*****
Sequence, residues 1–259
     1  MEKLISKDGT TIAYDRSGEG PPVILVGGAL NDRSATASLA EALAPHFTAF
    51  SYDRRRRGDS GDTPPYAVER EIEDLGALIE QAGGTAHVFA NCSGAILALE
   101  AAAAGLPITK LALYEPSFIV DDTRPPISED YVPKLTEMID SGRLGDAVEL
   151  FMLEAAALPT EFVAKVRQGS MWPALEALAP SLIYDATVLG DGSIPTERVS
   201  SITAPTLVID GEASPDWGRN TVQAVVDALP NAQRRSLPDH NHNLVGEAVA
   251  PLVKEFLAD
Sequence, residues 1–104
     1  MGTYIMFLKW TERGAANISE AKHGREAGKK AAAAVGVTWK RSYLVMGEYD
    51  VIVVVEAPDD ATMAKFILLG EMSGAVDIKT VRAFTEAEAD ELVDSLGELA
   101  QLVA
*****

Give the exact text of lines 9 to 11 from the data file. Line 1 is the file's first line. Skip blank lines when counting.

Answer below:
     1  MGTYIMFLKW TERGAANISE AKHGREAGKK AAAAVGVTWK RSYLVMGEYD
    51  VIVVVEAPDD ATMAKFILLG EMSGAVDIKT VRAFTEAEAD ELVDSLGELA
   101  QLVA